8

I mean, it's a matter of choosing words more than there is any difference between function and constructor call. The thing which is named "constructor of an object" can also be named "function with name object returning type object".

One could argue that C++ does not allow one to have the same function and type name; however, there is workaround to do that. C++ has special syntactic sugar (which is named a constructor) with which you can create a function with name object returning type object. So I think a constructor can be seen and used as a free standing function.

Are there some important semantic differences I am missing here?

  • 1
    Note that the fact that constructors are named after their type is far from universal: PHP calls them __construct, Object Pascal / Delphi calls them Create - and I seem to remember that in that case it's just a convention, and the real distinction is that they have the keyword "constructor" in front of their definition. – IMSoP Dec 29 '16 at 1:08
  • Note: Constructors in C++ do not return anything (and thus don't have any return type). – el.pescado Dec 29 '16 at 10:24
  • ctors are meta-methods, not methods. you don't send a ctors message to an instance of a class, you send it to the class - actually to the class object, which is the meta-object of the class. and ctors are definitely not functions, since they have side-effects - you get a different result each time. – user223083 Dec 30 '16 at 5:12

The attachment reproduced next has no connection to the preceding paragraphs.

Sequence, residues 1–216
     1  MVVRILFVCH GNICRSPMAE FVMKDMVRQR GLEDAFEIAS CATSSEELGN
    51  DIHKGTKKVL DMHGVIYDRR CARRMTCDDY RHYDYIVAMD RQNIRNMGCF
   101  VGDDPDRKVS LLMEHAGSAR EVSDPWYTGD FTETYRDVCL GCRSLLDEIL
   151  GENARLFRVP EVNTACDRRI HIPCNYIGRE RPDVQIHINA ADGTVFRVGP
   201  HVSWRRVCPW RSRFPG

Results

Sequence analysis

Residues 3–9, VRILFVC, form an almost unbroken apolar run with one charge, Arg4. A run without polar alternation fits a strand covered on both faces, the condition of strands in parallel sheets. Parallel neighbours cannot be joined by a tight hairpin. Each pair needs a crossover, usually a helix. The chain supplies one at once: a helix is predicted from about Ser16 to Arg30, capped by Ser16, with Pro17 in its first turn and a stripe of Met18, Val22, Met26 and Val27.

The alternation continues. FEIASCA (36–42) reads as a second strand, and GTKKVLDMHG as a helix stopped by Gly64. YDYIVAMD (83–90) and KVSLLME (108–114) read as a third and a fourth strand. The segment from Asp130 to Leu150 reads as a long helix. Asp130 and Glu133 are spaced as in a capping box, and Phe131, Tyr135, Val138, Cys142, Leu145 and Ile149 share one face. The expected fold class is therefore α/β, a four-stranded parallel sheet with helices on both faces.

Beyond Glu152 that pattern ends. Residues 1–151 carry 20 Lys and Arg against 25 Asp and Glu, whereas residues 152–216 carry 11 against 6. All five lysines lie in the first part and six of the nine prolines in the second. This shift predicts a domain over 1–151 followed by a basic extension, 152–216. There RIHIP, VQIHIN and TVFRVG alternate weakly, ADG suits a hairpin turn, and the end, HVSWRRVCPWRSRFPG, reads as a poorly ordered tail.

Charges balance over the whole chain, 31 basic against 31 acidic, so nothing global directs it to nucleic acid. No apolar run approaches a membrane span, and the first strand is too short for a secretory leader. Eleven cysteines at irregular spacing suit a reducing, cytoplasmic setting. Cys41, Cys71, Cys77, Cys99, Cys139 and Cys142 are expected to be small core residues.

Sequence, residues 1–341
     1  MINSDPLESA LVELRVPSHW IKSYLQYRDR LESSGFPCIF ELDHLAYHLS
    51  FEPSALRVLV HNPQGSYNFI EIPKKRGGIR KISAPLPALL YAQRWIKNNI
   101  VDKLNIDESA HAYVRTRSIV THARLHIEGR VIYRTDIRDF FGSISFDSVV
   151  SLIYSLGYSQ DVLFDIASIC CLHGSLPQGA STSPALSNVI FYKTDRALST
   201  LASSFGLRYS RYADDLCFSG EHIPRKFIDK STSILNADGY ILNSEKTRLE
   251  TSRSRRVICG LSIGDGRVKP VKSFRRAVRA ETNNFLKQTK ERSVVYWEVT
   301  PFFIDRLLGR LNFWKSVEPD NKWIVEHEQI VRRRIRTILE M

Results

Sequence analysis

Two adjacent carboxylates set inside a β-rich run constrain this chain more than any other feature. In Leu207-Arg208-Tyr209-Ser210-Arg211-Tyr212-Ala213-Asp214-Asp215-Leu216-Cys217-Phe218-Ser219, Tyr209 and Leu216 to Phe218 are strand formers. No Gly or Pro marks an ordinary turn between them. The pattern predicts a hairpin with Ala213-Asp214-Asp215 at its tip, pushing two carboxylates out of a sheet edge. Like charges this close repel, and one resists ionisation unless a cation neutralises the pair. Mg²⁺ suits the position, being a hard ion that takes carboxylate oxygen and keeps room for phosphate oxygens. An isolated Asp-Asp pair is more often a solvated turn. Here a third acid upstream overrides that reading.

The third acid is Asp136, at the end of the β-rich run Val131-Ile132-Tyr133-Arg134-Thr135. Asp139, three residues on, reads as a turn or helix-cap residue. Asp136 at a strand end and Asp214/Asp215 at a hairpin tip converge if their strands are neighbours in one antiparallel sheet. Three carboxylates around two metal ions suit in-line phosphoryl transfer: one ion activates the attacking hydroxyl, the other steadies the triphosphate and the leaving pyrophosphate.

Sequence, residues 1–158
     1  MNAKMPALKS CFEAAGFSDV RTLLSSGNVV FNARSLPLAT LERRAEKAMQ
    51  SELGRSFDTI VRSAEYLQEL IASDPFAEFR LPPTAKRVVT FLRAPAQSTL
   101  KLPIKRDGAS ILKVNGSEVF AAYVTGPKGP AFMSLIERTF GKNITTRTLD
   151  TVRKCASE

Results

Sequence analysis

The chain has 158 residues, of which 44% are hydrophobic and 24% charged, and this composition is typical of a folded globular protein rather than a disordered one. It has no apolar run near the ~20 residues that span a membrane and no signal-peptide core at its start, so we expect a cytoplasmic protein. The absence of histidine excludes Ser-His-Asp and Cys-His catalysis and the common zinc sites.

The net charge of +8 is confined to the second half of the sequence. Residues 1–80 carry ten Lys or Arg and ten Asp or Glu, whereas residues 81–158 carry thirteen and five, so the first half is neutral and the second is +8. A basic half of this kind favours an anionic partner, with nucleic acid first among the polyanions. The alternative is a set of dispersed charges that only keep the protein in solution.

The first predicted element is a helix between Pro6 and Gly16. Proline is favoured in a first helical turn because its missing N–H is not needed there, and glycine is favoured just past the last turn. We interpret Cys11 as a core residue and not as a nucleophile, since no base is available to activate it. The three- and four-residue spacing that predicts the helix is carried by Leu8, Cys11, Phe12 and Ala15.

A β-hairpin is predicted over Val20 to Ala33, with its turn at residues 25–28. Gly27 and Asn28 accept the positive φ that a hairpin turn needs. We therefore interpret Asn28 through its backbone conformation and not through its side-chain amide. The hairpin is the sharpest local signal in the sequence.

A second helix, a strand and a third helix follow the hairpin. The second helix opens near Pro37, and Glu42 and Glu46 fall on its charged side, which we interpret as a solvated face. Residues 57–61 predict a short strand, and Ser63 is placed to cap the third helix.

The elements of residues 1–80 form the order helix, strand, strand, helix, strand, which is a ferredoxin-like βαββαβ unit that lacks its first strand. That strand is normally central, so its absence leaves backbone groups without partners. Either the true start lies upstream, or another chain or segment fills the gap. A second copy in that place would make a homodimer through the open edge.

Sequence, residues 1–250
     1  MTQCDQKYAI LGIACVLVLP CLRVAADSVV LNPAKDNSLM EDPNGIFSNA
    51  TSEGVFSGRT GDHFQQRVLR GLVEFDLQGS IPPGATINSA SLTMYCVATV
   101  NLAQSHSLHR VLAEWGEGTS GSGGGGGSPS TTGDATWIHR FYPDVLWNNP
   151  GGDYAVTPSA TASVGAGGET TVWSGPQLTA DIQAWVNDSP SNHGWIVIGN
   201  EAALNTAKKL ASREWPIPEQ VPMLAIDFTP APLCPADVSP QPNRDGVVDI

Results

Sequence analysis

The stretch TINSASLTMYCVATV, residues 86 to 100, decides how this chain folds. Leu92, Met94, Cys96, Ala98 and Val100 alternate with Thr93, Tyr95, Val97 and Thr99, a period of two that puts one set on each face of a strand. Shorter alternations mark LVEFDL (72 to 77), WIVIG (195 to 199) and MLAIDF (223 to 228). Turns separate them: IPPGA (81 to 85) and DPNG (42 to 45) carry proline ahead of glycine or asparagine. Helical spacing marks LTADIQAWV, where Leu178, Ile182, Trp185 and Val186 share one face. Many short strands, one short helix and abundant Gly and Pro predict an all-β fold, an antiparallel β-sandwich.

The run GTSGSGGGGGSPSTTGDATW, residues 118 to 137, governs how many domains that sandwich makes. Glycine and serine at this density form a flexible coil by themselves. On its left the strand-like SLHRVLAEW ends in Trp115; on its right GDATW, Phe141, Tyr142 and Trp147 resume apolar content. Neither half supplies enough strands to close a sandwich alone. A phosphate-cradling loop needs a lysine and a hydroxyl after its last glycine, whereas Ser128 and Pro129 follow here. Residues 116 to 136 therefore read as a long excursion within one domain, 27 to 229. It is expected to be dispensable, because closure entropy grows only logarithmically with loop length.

16

A constructor is basically a method, yes, but it is a special method.

For example, in C++ a constructor isn't simply a function that returns a new instance of that type. If it was, inheritance wouldn't work. You couldn't call into the base constructors, because they'd return a new instance as well. You'd end up with a new instance of A, which is then returned to the constructor of B which creates a new instance of B, which is then returned to the constructor of C, etc.

Instead a constructor is more of an initialization method that is automatically called by the instance allocator. When you, say, call "new" to make an object on the heap, it allocates the memory for the type you asked for (using a memory allocator, like malloc), then calls the constructor method on it. The compiler has special rules for how, and in what order, that constructor can call the other constructors. For example, in C#, if you don't explicitly call a base constructor the compiler will add a call to the base default constructor.

It is those rules about how the compiler handles constructors that make it different from "a function named .ctor which returns an instance of the type".

  • 3
    You also don't generally use new to construct objects in C++, since it has automatic variables. – Quentin Dec 29 '16 at 10:15